This represented tangible growth. No longer did I feel uncomfortable. My position and also my attendance to support groups have allowed me to grow into a well adjusted brain injury survivor. I used to compare myself to every survivor who I came in contact with; no longer do I feel the need to compare. I was able to gain inspiration from the individuals that I was able to meet. A female who is very close in age to me showed me her apartment where she lives herself. I was incredibly proud of her.

Witnessing her has given me a renewed since of ambition to be less dependent on other people to assist me in the daily activities of life. I would love to hear who has returned to living independently following a brain injury. I definitely have some anxiety in regards to living on my own. I just genuinely enjoy companionship. I am not sure that living on my own should ever be a goal of mine; seeing a comrade who is successfully living on her own has allowed my eyes to be open to the possibility. I did not expect for the meeting to have such a profound impact. Clearly, one never knows how certain situations can serve as a positive impetus towards living more independently. Thank you so much for reading! ~Noelle

Monday, January 12, 2015

No Victory too Small

There are small miracles and victories every day. An individual needs to make an attempt to take notice of every small victory that they observe. I accomplished a flight home from Florida myself. Newark International Airport is not entirely user friendly; it is extremely intimidating. Thankfully the employees were fantastic and were very willing to answer any question that I had. Now my first flight alone is behind me. It is now just a memory. Now that the accomplishment is behind me, I am relatively positive that I will not choose to travel alone when I am given the option. The choice will not be made out of fear. I enjoy making connections with the people who work in the airport as well as the people who are traveling themselves. I now join the population in accomplishing a mode of travel (as an individual) that many people use. I only travel for vacation. My position thankfully does not require that I travel beyond my state. I would love to hear who has returned to traveling by his/herself following a brain injury.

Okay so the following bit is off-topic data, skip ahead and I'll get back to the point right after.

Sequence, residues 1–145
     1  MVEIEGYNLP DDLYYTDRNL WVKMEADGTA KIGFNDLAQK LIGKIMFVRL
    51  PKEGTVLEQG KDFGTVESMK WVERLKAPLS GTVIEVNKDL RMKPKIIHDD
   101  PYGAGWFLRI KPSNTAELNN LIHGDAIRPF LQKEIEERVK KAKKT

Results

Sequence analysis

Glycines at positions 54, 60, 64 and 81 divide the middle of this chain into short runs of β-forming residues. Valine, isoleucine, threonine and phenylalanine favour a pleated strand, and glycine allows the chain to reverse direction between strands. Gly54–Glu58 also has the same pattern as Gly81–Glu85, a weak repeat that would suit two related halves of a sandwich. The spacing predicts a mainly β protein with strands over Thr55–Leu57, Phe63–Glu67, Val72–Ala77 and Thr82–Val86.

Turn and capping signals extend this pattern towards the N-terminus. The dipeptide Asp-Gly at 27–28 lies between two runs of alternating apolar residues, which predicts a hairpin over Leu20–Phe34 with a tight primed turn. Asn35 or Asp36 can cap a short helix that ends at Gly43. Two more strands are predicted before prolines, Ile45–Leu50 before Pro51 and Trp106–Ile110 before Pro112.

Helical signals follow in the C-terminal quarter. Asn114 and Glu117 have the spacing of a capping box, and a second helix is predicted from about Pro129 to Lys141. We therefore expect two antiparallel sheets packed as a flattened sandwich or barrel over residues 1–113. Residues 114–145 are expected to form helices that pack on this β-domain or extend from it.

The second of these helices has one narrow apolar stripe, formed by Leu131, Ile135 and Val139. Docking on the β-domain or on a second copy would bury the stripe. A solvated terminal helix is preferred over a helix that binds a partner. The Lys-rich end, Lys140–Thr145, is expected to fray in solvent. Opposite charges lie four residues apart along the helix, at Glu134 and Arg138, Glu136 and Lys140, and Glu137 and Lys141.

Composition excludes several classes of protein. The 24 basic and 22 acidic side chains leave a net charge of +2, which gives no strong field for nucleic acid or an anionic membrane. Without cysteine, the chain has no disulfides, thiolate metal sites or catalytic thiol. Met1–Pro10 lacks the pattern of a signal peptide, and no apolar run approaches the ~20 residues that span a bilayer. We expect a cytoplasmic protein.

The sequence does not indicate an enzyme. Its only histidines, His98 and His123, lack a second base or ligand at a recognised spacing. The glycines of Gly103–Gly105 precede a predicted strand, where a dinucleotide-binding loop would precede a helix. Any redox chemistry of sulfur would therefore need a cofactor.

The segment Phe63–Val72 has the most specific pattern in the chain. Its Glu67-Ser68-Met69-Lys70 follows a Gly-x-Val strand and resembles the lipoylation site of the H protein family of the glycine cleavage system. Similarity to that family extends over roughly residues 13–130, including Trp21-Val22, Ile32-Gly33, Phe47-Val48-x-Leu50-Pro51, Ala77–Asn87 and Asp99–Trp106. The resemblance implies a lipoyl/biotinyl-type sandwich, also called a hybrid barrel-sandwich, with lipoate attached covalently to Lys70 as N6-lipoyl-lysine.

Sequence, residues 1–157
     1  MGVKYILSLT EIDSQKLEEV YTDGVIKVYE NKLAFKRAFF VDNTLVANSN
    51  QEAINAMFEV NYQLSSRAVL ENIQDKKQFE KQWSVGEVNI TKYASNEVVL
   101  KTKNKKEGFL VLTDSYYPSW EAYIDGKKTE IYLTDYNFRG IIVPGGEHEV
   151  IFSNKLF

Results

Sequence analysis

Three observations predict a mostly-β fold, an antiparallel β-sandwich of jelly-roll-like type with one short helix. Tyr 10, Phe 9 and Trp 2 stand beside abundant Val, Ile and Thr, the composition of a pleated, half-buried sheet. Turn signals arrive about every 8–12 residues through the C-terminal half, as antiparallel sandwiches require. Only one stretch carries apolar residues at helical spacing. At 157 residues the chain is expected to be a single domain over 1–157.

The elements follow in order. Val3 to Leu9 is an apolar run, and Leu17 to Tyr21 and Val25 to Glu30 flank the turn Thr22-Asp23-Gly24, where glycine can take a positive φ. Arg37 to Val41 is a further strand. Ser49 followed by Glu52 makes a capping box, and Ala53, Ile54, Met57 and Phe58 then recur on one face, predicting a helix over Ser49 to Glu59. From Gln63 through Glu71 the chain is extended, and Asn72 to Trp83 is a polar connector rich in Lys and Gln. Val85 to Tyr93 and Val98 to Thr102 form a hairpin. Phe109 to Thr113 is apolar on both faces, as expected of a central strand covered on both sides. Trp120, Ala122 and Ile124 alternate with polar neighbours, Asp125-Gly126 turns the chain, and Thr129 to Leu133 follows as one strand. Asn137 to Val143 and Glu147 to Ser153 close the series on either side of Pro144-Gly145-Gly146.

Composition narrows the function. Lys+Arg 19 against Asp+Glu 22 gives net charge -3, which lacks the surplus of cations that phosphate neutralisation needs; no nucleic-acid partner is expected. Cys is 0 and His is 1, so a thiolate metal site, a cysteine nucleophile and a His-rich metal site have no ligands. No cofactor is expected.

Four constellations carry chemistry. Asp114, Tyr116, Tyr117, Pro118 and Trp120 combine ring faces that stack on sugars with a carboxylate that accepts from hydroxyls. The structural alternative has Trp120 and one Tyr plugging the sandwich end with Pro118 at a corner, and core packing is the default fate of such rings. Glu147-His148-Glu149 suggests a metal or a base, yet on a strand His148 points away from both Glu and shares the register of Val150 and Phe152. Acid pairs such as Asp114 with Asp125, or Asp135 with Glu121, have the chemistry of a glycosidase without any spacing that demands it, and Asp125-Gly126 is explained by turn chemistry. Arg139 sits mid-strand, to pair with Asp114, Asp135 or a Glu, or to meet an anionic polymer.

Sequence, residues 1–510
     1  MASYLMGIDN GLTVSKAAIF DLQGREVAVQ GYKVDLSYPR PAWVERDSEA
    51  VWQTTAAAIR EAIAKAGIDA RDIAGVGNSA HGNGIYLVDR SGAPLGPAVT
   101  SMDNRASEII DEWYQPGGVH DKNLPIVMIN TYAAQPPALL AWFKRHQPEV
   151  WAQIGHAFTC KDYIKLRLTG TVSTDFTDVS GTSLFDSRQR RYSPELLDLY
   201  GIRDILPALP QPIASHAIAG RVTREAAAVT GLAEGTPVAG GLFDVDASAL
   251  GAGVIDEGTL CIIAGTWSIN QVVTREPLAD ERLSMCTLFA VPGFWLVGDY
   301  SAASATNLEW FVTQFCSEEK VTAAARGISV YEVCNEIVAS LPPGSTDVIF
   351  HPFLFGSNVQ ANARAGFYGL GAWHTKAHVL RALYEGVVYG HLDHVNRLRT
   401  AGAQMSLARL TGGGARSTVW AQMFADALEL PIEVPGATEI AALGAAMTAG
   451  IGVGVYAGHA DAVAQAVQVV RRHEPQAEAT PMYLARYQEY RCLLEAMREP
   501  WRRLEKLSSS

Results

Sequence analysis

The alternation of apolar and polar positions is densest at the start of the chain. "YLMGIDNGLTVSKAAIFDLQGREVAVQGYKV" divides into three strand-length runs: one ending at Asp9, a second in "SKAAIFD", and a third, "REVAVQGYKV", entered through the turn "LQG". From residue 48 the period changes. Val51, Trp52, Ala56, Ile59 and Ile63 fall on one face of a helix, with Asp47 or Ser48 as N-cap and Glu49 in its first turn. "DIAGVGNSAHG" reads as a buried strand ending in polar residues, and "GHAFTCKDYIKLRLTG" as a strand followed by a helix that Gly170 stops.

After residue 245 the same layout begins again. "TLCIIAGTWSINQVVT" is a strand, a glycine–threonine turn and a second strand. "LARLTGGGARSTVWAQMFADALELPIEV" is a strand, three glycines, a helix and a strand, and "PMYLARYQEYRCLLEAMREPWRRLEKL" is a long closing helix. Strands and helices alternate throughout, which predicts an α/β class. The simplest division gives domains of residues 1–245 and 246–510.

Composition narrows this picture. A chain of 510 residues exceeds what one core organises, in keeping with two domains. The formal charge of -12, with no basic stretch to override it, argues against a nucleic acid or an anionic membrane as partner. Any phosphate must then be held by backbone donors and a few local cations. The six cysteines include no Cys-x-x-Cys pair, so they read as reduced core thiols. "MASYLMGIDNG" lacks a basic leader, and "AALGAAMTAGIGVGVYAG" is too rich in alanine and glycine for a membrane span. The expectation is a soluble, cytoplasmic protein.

I am friendly with many survivors and they helped to put my mind at ease. It is bizarre to look consciously throughout your contacts to find people who have faced the same dilemma as you yourself are facing. It is beautiful to no longer classify something as a dilemma. Flying alone has now been accomplished. My situation puts me in a bit of a funny spot; my issue was not the actual flight itself. I have never really had a phobia of flying at all. My issue came from knowing which lines to go through to proceed through security. The people working in security were very nice. I felt as though they were prepared to work with somebody who may have a disability. My mother was able to get a gate pass so she was able to accompany me to the area before I had to get on the plain. I am very happy to be able to have a   flight under my belt that I did myself. I would love to hear who else has traveled themselves after a brain injury. I am pleased that I have never had an issue with my headaches on a plane. Many people who suffer from headaches have extreme problems with the altitude changes and thus pressure changes. I thank you very much for reading and as always I welcome any responses that you may have.